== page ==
Phnom Penh Post: Since his early days as a correspondent covering the wars in Southeast Asia in the 1960s and 1970s, documentary filmmaker and journalist John Pilger has been an ardent critic of Western foreign policy. Following in the footsteps of Martha Gellhorn, Pilger set out to cover the Vietnam War from the perspective of those most affected by it: the Vietnamese people and US draftees.
Cambodia’s International Tribunal has announced that the second phase of the trial for two former Khmer Rouge leaders will begin on October 17.
The date will mark the beginning of the final phase in the trial of Nuon Chea and Khieu Samphan, which was broken into two parts for expediency. Trial officials said hearings will continue three days per week.
Publishers Weekly’s Genocide Survivor’s Story: Seng Ty’s Long Road
Author Seng Ty experienced firsthand the terrors of the Khmer Rouge genocides — horrendous events that left Cambodia ravaged in the 1970s. Within weeks, he and his family went from living a peaceful life in the Cambodian countryside to surviving in conditions comparable to those of a concentration camp. Find this Book!
Happy Monday! “You can’t claim heaven as your own if you are just going to sit under it.” ~ Cambodian proverb
An explosive report in Newsweek last spring raised questions regarding the legitimacy of Cambodian anti-trafficking activist Somaly Mam, tainting the nearly two-decades-long work on behalf of victims that catapulted her into the global spotlight. But how do the allegations hold up? In her first interview since the scandal dominated headlines—and left her career and reputation in shambles—Mam tells her side of things.
August 26, 2014 New York Times, PHNOM PENH, Cambodia — Earlier this month a United Nations-assisted tribunal in Cambodia handed down long-overdue judgments against Nuon Chea and Khieu Samphan for their roles in the catastrophic Khmer Rouge regime of 1975-79. Nuon Chea, the deputy secretary of the communist party, and Khieu Samphan, the president of the Khmer Rouge state, were sentenced to life in prison for crimes against humanity.
40 years ago, Poch Younly risked everything to write in his diary, “one of just four known firsthand accounts penned by victims and survivors while the Khmer Rouge were in power…” http://www.foxnews.com/world/2014/08/09/spiral-bound-history-rare-cambodia-diary-offers-haunting-account-life-under/
August 7, 2014 NPR All Things Considered: Khmer Rouge Convictions Offer Small Solace For Cambodian Victims. ( I went in the studio determined to be strong, and a minute into the interview, I found myself choking with emotions again. This time, it wasn’t… anger; it was relief, gratitude, and missing my family. There will never be justice for the 2 million lives lost, but through education their stories will live on as our healing continues. The heart is the strongest muscle in the human body. Loung Ung)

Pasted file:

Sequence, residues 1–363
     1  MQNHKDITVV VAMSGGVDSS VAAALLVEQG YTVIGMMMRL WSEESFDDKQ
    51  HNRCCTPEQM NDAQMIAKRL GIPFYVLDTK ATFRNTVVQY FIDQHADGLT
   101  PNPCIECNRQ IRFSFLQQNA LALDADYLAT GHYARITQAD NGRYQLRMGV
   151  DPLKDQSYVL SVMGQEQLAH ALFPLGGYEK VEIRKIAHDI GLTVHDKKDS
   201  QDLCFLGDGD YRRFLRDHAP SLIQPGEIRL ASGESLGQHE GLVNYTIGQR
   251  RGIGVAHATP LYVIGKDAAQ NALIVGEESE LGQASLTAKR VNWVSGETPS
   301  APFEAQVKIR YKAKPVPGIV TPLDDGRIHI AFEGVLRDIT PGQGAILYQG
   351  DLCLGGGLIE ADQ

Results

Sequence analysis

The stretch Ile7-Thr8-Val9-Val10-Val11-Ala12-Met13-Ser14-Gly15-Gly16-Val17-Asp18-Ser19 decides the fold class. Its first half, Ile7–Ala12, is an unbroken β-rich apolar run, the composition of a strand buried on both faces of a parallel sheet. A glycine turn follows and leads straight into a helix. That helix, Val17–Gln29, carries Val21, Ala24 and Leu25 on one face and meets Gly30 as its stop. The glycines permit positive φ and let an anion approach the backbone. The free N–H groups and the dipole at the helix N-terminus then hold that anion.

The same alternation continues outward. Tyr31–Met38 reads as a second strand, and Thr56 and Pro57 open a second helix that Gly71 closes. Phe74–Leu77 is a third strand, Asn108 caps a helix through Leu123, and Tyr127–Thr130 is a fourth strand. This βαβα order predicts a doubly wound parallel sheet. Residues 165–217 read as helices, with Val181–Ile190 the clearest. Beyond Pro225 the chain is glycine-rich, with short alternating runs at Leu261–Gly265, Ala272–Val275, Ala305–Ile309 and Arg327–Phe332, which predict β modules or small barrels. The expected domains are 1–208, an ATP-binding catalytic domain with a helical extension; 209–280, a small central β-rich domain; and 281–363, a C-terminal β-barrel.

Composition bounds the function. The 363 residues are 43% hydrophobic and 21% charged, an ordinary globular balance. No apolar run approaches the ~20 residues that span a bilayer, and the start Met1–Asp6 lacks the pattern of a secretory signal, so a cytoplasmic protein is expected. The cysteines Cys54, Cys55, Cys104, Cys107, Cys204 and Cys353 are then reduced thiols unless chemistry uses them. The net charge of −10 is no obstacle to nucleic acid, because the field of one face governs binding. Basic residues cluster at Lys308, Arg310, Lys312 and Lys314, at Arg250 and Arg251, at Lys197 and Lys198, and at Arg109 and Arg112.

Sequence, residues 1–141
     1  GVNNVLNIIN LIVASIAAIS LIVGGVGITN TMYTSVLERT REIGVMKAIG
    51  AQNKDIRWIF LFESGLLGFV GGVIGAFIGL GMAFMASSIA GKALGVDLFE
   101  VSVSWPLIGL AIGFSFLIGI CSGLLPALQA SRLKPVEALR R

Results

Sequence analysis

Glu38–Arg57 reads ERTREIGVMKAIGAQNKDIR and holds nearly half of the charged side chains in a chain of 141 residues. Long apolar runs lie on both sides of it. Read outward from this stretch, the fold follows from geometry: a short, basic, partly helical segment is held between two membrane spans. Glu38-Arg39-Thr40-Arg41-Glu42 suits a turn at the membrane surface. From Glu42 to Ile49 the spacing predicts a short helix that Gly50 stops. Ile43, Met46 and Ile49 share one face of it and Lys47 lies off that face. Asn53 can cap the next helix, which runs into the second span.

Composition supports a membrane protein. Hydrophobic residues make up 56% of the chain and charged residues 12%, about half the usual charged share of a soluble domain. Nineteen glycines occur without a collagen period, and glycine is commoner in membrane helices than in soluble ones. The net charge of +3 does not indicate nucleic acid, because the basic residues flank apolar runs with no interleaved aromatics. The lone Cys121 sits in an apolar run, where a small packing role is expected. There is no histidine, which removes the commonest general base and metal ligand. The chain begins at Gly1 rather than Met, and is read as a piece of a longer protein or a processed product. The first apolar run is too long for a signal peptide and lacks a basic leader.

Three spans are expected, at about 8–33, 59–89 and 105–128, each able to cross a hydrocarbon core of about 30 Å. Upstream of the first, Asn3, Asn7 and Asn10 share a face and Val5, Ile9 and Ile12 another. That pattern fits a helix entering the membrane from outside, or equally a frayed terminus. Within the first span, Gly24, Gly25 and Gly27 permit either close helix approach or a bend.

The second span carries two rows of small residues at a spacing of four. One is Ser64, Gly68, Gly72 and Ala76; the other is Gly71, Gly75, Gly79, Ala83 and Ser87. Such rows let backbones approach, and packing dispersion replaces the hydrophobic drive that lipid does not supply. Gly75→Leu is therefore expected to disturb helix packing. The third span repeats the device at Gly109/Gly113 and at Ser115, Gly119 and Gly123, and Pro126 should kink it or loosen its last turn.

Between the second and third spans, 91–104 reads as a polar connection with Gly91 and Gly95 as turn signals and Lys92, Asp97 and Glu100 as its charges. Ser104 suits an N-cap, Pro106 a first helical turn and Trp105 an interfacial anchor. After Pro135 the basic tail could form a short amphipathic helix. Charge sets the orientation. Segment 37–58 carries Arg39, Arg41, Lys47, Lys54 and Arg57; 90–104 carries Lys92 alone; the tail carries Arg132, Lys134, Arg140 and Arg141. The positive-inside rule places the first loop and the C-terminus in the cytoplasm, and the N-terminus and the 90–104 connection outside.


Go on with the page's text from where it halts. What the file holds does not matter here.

The verdict is not surprising. I’ve been following this for so long, even testifying before US Congress in support of a trial in 1998. I have long thought this trial was more about education than justice. Now that it’s here, I am surprisingly emotional about it. A rush of sadness for our losses, pride that we survived it, and gratitude to the people who’ve worked so hard to bring the trial into being. And yes, it does feel like closure. I didn’t think I would feel this, but I do. Peace to all, Loung
New York Times, August 7, 2014 PHNOM PENH, Cambodia — A court on Thursday found the two most senior surviving leaders of the Khmer Rouge regime, which brutalized Cambodia during the 1970s, guilty of crimes against humanity and sentenced them to life in prison.http://www.nytimes.com/2014/08/08/world/asia/decades-after-khmer-rouges-rule-2-senior-leaders-are-convicted-in-cambodia.html?_r=0
Sok Sambour, 25, works as a receptionist at a hotel after graduating from accounting school. Her parents told her about that era, including exactly how long the Khmer Rouge rule lasted: three years, eight months and 20 days. An elderly neighbor told her that just catching a fish to eat was enough to be accused of betrayal and face almost certain execution. A U.N.-assisted genocide tribunal will deliver a verdict this coming Thursday in the trial of the two top leaders of the communist Khmer Rouge, whose extremist policies in the late 1970s are blamed for the deaths of an estimated 1.7 million Cambodians though starvation, medical neglect, overwork and execution.